The reality is, FFG could afford to take the risk when trying the LCG model. If it failed, they would lose money sure, but not enough to put them out of business by any means. LCGs are not FFGs “Cash Cow”, however, L5R is AEGs. If they went with the LCG model and lost a ton on it, it would hurt. As for Wizards, well they’re the Walmart of the gaming industry and the sheep are eating that MTG crap up by the bale full, and that’s all they care about.
 

 

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I think it has a lot do with with how these games make money. Sure 90% of ccg games fail, but the ones that do work out make a ton of money. a CCG is basically a licence to print your own cash. This is a terribly attractive concept top developers. You see this in online subscription video games. Everyone wants to make the new wow and have 14 million subscribers paying 20 bucks US a month and rake in around 280 million dollars a month. Companies are inventing billions to try and make the next hot mmo, almost all of them fail and fail badly, many end up as free2play and in fact still pull in nice incomes.. not the crazy incomes but incomes non the less.

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 It's certainly an interesting question.  If you look at the success of Dominion on the Deck Building Game side of things, it has spawned many imitators from other companies, each adding their own twist on it.

Off the top of my head;

Ascension

Thunderstone

Nightfall

Resident Evil

 

And I think FFG was even involved in a Penny Arcade one?  Anyways, the Deck Building Game seems to have taken off, and like our LCG's here, involves buying a Core Set, which is functional on its own, but provides players the option to regularly expand the card pool to add diversity to the game.

Perhaps another company might give it a shot, and use a popular IP, like Bandai and Resident Evil, to get people interested in trying it out based on a familiar theme.

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The Highlander CCG converted to "living"/non-collectible, but proceeded to die again.  Or should I say again again.

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clique84 said:

The Highlander CCG converted to "living"/non-collectible, but proceeded to die again.  Or should I say again again.

 

Yes, but it only made it through 2 release dates consisting of 2 generic, 4 persona, and 1 versus set. If only there was someone else in charge, then this LCG business model would work great for Highlander. In the "which property would you like to see as an LCG" thread, I did post the idea that Highlander LCG by FFG would be great if FFG could get the rights to the game.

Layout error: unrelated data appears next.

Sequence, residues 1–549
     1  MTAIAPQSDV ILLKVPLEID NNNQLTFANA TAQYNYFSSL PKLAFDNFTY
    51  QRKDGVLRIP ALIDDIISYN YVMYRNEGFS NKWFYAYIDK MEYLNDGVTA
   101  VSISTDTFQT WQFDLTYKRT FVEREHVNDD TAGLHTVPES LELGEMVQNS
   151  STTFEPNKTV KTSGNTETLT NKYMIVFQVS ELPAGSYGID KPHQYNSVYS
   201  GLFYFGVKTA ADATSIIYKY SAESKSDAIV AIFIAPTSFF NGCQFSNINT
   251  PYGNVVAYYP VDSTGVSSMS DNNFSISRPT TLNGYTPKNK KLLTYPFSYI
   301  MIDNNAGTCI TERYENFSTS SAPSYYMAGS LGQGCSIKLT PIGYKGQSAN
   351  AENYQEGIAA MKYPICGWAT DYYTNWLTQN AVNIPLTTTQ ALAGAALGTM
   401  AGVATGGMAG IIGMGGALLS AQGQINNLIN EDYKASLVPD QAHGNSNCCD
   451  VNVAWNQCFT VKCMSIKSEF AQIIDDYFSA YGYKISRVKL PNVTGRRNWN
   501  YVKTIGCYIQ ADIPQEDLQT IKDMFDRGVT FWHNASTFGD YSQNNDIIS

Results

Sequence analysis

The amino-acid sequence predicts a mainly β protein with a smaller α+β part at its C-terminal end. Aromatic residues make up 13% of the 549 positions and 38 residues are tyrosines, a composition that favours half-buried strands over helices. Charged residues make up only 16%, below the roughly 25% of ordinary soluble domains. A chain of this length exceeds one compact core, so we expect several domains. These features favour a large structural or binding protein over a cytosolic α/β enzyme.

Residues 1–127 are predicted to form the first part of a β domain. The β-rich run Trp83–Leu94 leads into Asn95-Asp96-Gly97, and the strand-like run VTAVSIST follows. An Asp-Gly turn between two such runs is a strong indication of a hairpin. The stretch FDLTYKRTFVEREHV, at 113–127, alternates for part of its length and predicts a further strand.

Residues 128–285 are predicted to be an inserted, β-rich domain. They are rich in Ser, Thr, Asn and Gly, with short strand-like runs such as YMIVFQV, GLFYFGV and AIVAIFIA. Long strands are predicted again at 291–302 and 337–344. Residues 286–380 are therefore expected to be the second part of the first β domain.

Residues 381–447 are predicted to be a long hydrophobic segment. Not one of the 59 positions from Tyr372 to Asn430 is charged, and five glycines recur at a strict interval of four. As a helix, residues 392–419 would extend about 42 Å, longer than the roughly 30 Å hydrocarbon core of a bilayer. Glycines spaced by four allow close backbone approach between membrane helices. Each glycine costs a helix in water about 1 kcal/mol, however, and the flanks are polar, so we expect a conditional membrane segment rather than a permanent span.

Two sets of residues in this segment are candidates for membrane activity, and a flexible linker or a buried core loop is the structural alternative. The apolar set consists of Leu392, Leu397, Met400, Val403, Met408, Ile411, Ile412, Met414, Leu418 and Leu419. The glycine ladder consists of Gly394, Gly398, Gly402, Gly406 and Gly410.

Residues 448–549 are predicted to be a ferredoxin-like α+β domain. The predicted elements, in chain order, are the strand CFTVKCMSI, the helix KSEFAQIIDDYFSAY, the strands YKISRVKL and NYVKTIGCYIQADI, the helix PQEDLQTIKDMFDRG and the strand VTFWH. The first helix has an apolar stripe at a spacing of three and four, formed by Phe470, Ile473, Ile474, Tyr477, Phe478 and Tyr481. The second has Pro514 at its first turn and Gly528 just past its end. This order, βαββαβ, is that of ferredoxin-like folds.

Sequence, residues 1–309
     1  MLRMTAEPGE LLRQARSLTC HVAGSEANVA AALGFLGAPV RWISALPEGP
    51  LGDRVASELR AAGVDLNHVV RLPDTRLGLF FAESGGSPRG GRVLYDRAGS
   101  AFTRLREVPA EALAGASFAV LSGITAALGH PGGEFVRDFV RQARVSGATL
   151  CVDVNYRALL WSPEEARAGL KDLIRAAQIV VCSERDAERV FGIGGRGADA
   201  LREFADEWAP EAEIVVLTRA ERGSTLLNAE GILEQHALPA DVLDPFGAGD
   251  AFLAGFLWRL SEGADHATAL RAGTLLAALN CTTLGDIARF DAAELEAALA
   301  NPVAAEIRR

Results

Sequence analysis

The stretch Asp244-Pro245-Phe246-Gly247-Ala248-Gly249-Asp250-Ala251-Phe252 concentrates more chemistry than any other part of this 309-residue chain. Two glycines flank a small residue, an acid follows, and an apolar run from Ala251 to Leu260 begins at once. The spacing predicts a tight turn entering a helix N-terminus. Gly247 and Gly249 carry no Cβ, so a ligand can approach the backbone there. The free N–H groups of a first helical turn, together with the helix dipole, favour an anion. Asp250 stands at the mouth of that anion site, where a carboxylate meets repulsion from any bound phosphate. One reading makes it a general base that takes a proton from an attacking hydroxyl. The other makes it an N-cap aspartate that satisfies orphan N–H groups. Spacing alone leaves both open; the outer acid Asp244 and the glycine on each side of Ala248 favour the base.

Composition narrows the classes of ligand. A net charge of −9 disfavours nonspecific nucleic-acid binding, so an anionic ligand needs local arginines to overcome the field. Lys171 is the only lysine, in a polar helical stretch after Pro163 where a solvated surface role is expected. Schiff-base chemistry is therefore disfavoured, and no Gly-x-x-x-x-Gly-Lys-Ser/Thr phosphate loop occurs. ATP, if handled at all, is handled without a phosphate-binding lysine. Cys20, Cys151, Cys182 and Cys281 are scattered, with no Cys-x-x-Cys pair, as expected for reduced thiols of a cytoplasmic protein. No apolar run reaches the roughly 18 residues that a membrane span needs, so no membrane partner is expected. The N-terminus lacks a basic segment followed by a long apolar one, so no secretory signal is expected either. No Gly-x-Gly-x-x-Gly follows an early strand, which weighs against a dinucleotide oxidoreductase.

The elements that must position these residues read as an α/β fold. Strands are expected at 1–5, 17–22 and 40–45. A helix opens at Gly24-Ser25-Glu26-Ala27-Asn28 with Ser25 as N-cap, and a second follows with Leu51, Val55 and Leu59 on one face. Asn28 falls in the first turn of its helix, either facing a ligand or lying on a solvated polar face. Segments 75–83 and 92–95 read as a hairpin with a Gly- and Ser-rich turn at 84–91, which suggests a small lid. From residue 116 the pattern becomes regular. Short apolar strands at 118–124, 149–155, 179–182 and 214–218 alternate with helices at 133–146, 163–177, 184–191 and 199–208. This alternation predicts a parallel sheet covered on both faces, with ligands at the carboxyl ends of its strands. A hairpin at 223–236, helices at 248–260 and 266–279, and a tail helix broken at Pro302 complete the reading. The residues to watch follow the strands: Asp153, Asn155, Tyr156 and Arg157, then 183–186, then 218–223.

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gdotbat said:

There’s a thread over on BGG on the L5R forums asking if AEG would ever go with the LCG model. The response was, they have considered it, but at this point they are still doing so well with the CCG model, they would never abandon it.

Could I get the link to that? I've tried to find it, but had no success thus far. 

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I think there are two reasons game companies have avoided LCGs:  the first is that game companies that have a successful CCG model don't want to give it up; and the second is that the game companies whose CCGs failed will not touch customizable card games with a ten-foot-pole at this point.

In the first category are the few remaining CCGs that are still alive, primarily Magic but also Yu-Gi-Oh and Pokemon (I think - sorry, I'm totally behind on all of this).  Wizards has an enormous audience conditioned to spend enormous sums on the most-recent-cards-only-allowed treadmill, so they have no interest in abandoning their model.

In the second category are the many, many game companies who lost a lot of money chasing Magic and failing to get even close to catching it.  They have little to no desire to go back, and strongly prefer safe choices like Euro games, wargames, and the deck-building games that are all the rage at the moment.

FFG is in an interesting place because I am not sure they had a successful CCG previously - so they would more or less be in the second category - but decided to give CCGs another go, only with a modified model that took away the variability that so many gamers hate.  I think they've been successful, enough to keep going with it, but not so much that other game companies are tempted to join them, which is really too bad.